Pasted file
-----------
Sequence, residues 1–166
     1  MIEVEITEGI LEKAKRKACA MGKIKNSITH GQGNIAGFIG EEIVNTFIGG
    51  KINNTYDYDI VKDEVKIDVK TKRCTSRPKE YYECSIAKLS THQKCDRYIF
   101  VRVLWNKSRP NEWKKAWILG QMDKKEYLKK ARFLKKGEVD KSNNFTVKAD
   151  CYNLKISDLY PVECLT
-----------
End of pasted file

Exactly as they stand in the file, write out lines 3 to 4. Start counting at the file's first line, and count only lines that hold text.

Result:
    51  KINNTYDYDI VKDEVKIDVK TKRCTSRPKE YYECSIAKLS THQKCDRYIF
   101  VRVLWNKSRP NEWKKAWILG QMDKKEYLKK ARFLKKGEVD KSNNFTVKAD